This was a major weekend for Oscar predictors, starting with the Directors Guild of America (DGA) Awards and wrapping up with the British Academy of Film and Television Arts (BAFTA) Awards. Lots of very important data came in, so let's get right to it.
First up this weekend was the Directors Guild, which is the best predictor of both Best Picture and especially Best Director.
This makes Birdman the mathematical favorite for Best Picture, and its director (Alejandro Iñárritu) the favorite for Best Director. My full list of predictions and percentages for every category will be released next week, so stay tuned to @BensOscarMath for all the latest.
The one other category that the Directors Guild predicts is Best Documentary, but they don't do it so well, with 19 misses in the 23 years of the category. In fairness, three of the four successes were in the past five years, so this is a modestly good sign for Citizenfour.
On to the BAFTAs, which contain more Oscar-predictive categories than any other awards show.
Best Picture and Director
First up, Best Picture and Best Director. Boyhood got a big boost here, winning both categories despite only one other victory all evening (well, evening in London's time zone). Wait a minute, didn't I just write that Birdman got a boost in those same two categories from the DGAs? I did, so it was certainly a mixed bag of a weekend, which is great for fans of a close race in the top categories. But the DGAs are a more statistically significant predictor, so Birdman is still on top in my mathematical standings.
In the four acting categories, the BAFTAs stuck with the four nominees who were already Oscar frontrunners: Eddie Redmayne (The Theory of Everything), Julianne Moore (Still Alice), J. K. Simmons (Whiplash), and Patricia Arquette (Boyhood). The BAFTAs tend to do slightly better than 50-50 on acting winners, but in a year when their four picks agree with the Screen Actors Guild and nearly everybody else, it looks like the BAFTAs have a legitimate shot at picking all four this year.
The one other BAFTA acting award, the Rising Star Award, is unique to this ceremony. Jack O'Connell, the star of Unbroken, took home the trophy, but Angelina Jolie's film received no additional nominations. This has no mathematical bearing on the Oscar race.
Five Wins for Grand Budapest Hotel
In the remaining categories, the big winner was The Grand Budapest Hotel, which won five BAFTAs on eleven nominations, yet lost the top prize. This is not at all unprecedented - just last year, Gravity earned six victories before losing Best Picture to 12 Years a Slave. But Budapest can still be happy with what it did win: Best Production Design, Best Makeup/Hairstyling, Best Costume Design, Best Score, and Best Original Screenplay.
In Production Design, the boost is not huge: the BAFTAs have only predicted 6 of the last 15 Oscars in that category. The stat is identical for Best Score, which leaves The Theory of Everything still on top in my numbers-only standings.
For Makeup and Costumes, the effects are slightly different. The BAFTAs don't pick all of the winners (60% and 47% over the last 15 years, respectively), but they pick more than anyone else does - it turns out those are two very difficult categories to predict with high accuracy.
For Best Original Screenplay, the bigger question will be answered next weekend, when we learn the choices of the Writers Guild. Remember, the BAFTAs went zero-for-two last year at predicting screenplay Oscars.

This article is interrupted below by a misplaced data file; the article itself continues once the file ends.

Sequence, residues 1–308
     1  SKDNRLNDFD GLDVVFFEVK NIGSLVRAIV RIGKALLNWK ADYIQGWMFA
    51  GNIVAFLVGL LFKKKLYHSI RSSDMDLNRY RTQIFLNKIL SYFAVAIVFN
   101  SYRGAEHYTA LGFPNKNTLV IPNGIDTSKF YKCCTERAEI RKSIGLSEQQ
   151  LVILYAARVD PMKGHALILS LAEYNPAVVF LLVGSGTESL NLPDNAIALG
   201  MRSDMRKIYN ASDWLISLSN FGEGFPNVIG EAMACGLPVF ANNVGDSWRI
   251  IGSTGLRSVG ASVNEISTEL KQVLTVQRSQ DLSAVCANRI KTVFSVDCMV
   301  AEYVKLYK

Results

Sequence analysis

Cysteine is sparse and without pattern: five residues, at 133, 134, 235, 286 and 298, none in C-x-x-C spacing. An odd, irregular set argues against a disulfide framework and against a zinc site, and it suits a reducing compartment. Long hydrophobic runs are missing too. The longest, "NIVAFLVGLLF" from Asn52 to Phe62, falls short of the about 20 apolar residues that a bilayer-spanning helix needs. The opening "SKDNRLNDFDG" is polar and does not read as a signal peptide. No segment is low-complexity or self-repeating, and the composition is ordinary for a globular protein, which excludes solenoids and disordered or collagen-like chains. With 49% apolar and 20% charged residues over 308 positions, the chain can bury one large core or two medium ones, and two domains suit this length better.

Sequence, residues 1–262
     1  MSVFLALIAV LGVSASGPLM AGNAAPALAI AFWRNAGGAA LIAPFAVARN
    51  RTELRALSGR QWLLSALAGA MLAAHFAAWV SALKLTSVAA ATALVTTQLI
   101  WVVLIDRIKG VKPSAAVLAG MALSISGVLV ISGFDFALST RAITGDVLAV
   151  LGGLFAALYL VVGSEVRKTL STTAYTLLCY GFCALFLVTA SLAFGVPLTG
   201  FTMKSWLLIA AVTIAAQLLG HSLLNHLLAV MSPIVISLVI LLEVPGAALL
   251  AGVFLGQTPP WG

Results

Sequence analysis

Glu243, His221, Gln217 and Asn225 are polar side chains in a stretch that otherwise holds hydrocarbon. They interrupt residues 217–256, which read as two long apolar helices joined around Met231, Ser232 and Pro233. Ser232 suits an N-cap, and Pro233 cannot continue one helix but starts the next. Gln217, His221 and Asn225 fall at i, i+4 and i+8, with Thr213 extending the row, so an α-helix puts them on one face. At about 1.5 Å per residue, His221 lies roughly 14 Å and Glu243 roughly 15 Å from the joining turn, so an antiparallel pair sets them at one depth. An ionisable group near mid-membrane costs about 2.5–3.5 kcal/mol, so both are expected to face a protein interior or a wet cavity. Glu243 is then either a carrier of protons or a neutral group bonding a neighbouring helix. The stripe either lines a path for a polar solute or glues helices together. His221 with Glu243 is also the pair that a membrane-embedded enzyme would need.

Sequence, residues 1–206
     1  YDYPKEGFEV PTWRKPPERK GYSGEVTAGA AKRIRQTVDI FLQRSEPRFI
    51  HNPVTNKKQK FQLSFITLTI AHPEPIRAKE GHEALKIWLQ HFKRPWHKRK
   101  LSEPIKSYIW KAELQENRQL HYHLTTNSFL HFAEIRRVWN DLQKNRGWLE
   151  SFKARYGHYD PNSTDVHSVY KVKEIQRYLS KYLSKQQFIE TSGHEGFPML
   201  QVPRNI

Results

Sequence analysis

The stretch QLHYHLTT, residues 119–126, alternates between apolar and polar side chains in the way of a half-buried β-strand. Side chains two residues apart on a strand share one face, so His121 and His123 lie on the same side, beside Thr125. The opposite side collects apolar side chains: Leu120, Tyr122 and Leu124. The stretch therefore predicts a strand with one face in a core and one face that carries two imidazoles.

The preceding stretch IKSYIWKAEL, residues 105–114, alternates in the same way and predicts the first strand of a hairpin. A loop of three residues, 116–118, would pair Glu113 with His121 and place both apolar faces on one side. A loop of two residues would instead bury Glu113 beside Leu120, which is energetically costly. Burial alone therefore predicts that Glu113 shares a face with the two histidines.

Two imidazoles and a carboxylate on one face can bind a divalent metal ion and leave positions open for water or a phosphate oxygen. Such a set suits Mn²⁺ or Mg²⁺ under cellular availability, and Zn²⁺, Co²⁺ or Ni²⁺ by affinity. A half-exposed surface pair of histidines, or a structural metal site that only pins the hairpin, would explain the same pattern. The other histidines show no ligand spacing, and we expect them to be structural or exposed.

The Hometown Winner
The other screenplay winner was on the adapted side, The Theory of Everything. It additionally took home Best British Film, but don't set your Oscar bets by that metric. Only one victor (2010's The King's Speech) of the 22 years since that category was reestablished went on to receive the top prize at the Oscars. Don't count on The Theory of Everything to be the second.
Best Animated Picture
The strangest category of this awards season has to be Best Animated Picture. Like so many other organizations, the BAFTAs lined up behind The Lego Movie, which was snubbed by the Academy. Interestingly, this means that 2015 will be the first year ever in which the BAFTAs and the Oscars disagree on the Best Animated Picture. That was previously the only perfect predictor in my model, for any category, but no more.
The film with the biggest weekend of all was Citizenfour, the only movie to win the same category (Best Documentary) at both the DGAs and the BAFTAs. But, the BAFTA win, like the DGA win, is not enormous news, since the BAFTAs only reintroduced the documentary category in 2011.
Best Visual Effects and Cinematography
Let's finish off with the technical categories. Interstellar took Best Visual Effects, which is a great sign for that film, since 80% of BAFTA winners over the past decade took home the VFX Oscar. Birdman got a slight boost for Best Cinematography, but there, BAFTA's prediction rate is only 40% over the past 15 years.
Best Editing and Sound
Finally, Whiplash received prizes for Best Editing and Best Sound. The editing win helps a little, but remember, the BAFTAs somehow missed Gravity in that category last year, even though it was produced in Britain! Best Sound is an interesting one, because it loosely corresponds to two categories at the Oscars. It predicts Best Sound Mixing 67% of the time, but Best Sound Editing only 47% of the time, so Whiplash moves up a bit in both of those standings.
Lots more to look forward to next weekend: the guilds for sound editing, sound mixing, makeup and hair styling, writing, and cinematography all dish out their awards, so be sure to keep an eye on @BensOscarMath for what it all means for the biggest awards show of the season.